Image by B. Alter
'Eating Animals', the new book by Jonathan Safran Foer, has just been released in the UK and the author, a New Yorker, is on a book tour here. This week he spoke at Jewish Book Week, interviewed by Etgar Keret, a fellow vegetarian and novelist.
The book is about what it means to eat meat and is an investigation into the US factory farm industry. It has been reviewed widely, including by TreeHugger, so the interview was personal, informal and revealing as he talked about whether he would give up his grandmother's chicken soup and what it meant to her.
Image from the Financial Times
Entitled Extremely Bad and Incredibly Cruel, a take on his best-selling novel Extremely Loud and Incredibly Close, Saffron Foer said he was not an environmentalist. He started writing this book because he had a child and it made him think about what he would feed his son and how he would explain eating meat to him. He had been an on and off vegetarian, quoting Mark Twain: " It's easy to quit smoking, I have done it dozens of times". As a child he had been disturbed about animals and wanted to teach his children to be thoughtful.
This is the first non-fiction book that he has written and he said that it was very difficult. "Novels are useless, they can't change things so they have no task and are so liberating." He said that the exhilaration of writing comes through not knowing; but he found this subject disappointing because it was a topic and he knew the outcome.
He said that meat is the number one cause of global warming so that by endorsing the farm system, we are endorsing something that makes the world more dangerous.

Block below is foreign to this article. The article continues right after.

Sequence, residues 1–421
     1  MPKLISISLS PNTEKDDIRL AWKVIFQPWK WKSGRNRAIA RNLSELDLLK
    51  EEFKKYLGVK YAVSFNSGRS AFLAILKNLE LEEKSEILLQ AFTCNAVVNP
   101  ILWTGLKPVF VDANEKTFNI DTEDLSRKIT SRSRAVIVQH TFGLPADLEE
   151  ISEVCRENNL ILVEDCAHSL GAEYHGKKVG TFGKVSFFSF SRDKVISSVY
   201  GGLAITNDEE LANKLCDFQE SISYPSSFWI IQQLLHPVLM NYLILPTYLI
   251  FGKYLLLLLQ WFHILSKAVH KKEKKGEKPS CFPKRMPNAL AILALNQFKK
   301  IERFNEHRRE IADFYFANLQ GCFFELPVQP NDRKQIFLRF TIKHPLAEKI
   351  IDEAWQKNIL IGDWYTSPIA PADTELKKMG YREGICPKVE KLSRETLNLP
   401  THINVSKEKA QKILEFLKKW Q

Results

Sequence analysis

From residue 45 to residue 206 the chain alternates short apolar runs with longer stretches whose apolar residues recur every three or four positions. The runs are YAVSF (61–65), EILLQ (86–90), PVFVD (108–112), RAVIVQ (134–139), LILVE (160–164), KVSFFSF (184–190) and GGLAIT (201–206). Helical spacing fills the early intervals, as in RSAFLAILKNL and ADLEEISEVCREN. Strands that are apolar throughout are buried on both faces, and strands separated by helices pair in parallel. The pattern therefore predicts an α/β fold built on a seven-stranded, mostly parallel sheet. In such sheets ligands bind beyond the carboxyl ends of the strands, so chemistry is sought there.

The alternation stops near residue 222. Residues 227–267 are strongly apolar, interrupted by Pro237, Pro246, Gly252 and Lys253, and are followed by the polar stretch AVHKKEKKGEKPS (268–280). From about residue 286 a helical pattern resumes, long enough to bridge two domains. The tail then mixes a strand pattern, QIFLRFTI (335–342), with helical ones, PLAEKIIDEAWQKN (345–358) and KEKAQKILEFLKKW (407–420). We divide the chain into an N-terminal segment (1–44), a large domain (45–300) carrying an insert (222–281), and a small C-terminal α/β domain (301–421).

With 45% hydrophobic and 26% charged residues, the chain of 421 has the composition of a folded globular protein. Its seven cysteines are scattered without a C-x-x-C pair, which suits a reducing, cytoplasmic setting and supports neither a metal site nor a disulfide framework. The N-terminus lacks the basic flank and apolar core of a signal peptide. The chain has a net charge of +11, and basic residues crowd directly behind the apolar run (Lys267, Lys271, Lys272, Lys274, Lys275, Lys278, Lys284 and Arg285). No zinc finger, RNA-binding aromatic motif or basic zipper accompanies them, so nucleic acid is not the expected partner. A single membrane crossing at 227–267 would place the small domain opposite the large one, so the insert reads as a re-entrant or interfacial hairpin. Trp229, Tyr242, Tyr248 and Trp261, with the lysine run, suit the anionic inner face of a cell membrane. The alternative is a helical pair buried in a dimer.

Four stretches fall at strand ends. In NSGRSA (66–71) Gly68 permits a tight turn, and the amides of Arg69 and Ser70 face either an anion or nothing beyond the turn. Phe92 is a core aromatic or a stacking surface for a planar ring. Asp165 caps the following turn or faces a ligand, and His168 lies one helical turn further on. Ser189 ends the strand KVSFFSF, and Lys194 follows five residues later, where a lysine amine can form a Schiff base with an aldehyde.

Seeing as it is a Jewish Book Week event, he talked about the profound religious resonance and the notion of stewardship in Judaism. The laws of Kashrut define what Jews eat and how the meat is slaughtered. He thought kosher slaughtering was more humane; not everyone would agree with that.
Keret called himself a moral opportunist; he said that he had been a vegetarian since he was 5 years old so it was very easy for him.
Image from Amazon
Both said that they have felt aggression from others by defining themselves as vegetarians. Saffran Foer said that he is often apologetic about it so does not talk about it personally.
The book is against the factory farming system, not meat. Although he acknowledges that there is such a thing as small farmers treating animals with respect, he still wouldn't eat meat because it is endorsing an exception. It's not a question of being a vegetarian or not, in his view, he just believes that people should eat less meat. He urged people to give up eating unimportant meat, such as fast food, lunch meats. In the Financial Times interview he said "If we all had one less serving of meat a week, that would be the equivalent of taking 5m cars off the road. One serving a day - 35m cars. There is nothing that we could do that would have a greater impact on the environment."
No one asked him if he still eats his grandmother's Friday night brisket.